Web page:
I find it hard to believe that the designated hitter in baseball is 40 years old. I remember when the American League introduced the "DH" into baseball, there were many who felt it was just a matter of time before the harebrained idea was dropped and we'd be back to pitchers striking out.
But the rule lives on. Baseball purists insist the game was intended for everyone to bat, even the highest-priced pitchers. While football has evolved into a situational substitution format and basketball added the three-point shot, they contend Abner Doubleday always intended for pitchers to hit.
Having the pitcher in the lineup does infuse more strategy and puts a premium on pinch-hitters. Still, those who like the DH prefer a lineup infused with more punch and will remind you that baseball started with nine balls and five strikes per batter.
Don't expect any changes in the designated hitter any time soon. Some might say it's actually more popular since the rule has made its way down into the amateur ranks with area youth leagues using it in one format or another.
But the situation in the Major Leagues remains awkward since its implementation into the World Series and now inter-league play underscores the rules disparity between the two leagues.
Is there a way that this situation could be solved short of one of the leagues giving in?
Jim Szantor thinks there is. Some may remember I introduced my column readers to Jim last year on the topic of the Society for American Baseball Research (SABR). He is a baseball junky in the best kind of way. Now a Door County resident, his long tenure behind the editing desk at the Chicago Tribune and friendships with its iconic baseball writers only fueled his passion for the sport.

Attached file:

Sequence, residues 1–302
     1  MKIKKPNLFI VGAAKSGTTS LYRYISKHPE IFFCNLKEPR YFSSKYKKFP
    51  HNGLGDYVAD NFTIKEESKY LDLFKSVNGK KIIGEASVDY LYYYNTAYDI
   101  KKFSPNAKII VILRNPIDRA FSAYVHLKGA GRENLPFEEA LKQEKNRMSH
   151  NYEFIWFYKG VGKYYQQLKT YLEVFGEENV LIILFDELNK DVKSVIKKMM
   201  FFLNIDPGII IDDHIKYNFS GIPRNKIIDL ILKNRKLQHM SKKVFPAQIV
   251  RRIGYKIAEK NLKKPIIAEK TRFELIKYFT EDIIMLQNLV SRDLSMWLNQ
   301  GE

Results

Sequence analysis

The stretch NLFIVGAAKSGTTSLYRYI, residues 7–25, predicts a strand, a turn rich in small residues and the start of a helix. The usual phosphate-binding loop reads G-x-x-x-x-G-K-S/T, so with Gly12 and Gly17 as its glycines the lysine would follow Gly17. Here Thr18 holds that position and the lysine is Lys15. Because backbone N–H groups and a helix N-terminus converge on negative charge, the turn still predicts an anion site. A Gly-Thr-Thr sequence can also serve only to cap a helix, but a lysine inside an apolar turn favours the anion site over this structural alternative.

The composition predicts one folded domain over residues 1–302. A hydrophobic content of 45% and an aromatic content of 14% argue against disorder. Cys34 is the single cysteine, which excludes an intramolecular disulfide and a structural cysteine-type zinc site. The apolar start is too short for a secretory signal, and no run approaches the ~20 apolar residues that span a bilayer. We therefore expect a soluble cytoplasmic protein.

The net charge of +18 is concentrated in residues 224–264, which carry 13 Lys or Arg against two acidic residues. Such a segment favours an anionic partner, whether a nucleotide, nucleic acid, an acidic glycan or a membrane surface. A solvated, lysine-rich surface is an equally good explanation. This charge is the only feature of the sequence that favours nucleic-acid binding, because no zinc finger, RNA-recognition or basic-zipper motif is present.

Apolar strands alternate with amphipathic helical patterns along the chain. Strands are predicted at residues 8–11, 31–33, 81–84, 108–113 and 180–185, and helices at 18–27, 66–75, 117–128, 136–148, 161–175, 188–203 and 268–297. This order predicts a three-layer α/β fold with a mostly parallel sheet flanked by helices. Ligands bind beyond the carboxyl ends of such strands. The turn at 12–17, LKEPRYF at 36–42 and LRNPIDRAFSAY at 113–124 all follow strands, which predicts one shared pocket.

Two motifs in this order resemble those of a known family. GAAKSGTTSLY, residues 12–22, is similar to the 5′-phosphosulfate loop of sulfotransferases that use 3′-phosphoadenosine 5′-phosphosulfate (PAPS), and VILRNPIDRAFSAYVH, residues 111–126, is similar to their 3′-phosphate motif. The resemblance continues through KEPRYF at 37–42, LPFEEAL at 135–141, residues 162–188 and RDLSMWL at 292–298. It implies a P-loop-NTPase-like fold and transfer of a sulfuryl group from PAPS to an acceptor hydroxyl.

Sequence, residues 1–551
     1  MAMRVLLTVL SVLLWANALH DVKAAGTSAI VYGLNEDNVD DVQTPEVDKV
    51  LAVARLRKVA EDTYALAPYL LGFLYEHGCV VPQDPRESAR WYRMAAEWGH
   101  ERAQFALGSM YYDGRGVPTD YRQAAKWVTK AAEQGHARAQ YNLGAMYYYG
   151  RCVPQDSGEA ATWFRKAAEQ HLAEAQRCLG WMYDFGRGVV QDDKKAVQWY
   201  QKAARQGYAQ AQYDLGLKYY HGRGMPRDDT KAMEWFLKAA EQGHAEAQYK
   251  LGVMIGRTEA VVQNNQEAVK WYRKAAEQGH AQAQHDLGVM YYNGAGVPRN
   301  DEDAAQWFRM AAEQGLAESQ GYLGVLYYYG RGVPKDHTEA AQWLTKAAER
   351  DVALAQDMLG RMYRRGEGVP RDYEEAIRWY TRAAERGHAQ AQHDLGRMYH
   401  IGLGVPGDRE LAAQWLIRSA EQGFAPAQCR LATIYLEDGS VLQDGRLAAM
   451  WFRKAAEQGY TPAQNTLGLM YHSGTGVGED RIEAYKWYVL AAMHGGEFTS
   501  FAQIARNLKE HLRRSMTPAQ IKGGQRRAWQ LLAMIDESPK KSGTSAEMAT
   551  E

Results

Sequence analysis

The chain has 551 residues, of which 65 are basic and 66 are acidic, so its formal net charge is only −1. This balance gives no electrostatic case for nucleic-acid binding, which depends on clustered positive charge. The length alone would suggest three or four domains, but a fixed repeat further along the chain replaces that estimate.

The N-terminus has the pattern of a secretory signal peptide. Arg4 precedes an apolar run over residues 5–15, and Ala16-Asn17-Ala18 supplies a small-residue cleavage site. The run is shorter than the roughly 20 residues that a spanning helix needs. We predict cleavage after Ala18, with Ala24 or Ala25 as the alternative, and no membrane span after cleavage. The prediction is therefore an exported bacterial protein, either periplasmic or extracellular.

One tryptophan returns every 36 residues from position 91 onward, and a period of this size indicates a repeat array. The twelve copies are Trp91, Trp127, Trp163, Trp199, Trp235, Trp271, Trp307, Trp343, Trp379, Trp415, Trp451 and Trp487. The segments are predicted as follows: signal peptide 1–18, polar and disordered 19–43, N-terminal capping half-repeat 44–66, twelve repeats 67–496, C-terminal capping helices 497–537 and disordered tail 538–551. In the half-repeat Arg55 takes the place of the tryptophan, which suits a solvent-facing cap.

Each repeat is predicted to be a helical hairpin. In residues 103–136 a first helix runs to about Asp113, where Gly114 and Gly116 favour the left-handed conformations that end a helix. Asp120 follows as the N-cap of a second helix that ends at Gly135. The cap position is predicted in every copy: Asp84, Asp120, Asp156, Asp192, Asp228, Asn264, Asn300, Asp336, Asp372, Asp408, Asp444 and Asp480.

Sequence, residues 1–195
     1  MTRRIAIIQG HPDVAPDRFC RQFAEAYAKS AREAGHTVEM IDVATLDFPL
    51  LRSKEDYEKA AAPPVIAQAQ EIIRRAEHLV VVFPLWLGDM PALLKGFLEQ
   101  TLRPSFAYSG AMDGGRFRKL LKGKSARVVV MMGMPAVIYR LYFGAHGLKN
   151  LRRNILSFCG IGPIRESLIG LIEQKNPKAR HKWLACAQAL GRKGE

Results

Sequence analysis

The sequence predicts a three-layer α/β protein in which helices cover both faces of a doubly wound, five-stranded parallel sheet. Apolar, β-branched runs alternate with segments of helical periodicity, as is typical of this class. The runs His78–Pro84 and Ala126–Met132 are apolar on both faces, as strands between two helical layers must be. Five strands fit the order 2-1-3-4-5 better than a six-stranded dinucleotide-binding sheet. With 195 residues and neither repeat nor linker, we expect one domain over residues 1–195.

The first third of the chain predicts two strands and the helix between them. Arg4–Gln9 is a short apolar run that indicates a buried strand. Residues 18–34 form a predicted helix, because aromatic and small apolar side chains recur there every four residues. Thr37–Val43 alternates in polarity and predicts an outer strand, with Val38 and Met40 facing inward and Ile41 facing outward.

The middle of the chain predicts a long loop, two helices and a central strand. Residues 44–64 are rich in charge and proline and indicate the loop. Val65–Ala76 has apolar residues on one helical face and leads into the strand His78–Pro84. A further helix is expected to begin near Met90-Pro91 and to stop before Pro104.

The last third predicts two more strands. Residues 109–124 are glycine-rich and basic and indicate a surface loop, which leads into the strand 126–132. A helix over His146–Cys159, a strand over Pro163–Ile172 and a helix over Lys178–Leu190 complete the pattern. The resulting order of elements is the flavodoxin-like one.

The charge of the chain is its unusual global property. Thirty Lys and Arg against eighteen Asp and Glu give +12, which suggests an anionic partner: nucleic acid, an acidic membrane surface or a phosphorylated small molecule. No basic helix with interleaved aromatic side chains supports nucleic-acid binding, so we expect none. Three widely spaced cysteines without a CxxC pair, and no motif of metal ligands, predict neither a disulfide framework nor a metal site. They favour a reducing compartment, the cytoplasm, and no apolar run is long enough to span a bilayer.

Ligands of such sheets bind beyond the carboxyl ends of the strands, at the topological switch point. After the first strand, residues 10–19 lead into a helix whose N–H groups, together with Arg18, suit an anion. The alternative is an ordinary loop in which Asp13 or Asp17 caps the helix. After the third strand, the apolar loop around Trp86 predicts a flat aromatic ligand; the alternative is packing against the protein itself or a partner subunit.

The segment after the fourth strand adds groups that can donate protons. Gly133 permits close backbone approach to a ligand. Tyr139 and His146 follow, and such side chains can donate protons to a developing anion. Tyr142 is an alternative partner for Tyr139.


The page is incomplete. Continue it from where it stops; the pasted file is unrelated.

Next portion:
A self-professed "seamhead," Jim is also a regular at the YMCA where we cross paths on occasion and often talk a little baseball.
It was there a couple weeks ago that Jim dropped his idea for the DH on me. His remedy for the current situation seemed too straight forward and logical to gain universal support. And Jim has a platform to promote his ideas through a popular blog (www.jimjustsaying.com). His loyal readership spans 43 countries. His idea even garnered positive feedback from some distinguished national writers.
"It's simple," Jim told me. "Merely keep the DH and put it in both leagues."
But to satisfy the purists, including Jim himself, it could only be used in one game per series against a particular foe.
"Once in a series, a manager could elect to use the designated hitter - even if the opposing manager was not using it in that game," Jim explained to me. "You might have a crucial late-season Yankee-Red Sox series with the visiting New Yorkers using the DH in the opening game, hoping to get off to a good start and the host Red Sox saving it for the last game, just in case. Think of the second-guessing and strategic possibilities."
Jim's right, the possibilities are endless as the manager's use of the DH would be dependent on availability of players, opposing pitchers and even the weather forecast.
"At least the DH idea would have both leagues playing the same way," Jim said. "At the very least I think the idea merits a one-year trial."